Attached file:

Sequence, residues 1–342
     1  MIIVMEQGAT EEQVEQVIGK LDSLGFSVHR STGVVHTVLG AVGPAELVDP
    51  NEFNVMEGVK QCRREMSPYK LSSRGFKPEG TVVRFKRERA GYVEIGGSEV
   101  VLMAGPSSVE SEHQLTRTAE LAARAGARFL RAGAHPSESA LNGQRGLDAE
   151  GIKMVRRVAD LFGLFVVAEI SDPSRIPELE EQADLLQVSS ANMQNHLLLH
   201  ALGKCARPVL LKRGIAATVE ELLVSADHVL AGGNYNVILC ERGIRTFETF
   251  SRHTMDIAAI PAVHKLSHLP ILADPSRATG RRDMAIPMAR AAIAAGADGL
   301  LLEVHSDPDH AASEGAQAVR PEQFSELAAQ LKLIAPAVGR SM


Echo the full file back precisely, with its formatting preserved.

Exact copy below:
Sequence, residues 1–342
     1  MIIVMEQGAT EEQVEQVIGK LDSLGFSVHR STGVVHTVLG AVGPAELVDP
    51  NEFNVMEGVK QCRREMSPYK LSSRGFKPEG TVVRFKRERA GYVEIGGSEV
   101  VLMAGPSSVE SEHQLTRTAE LAARAGARFL RAGAHPSESA LNGQRGLDAE
   151  GIKMVRRVAD LFGLFVVAEI SDPSRIPELE EQADLLQVSS ANMQNHLLLH
   201  ALGKCARPVL LKRGIAATVE ELLVSADHVL AGGNYNVILC ERGIRTFETF
   251  SRHTMDIAAI PAVHKLSHLP ILADPSRATG RRDMAIPMAR AAIAAGADGL
   301  LLEVHSDPDH AASEGAQAVR PEQFSELAAQ LKLIAPAVGR SM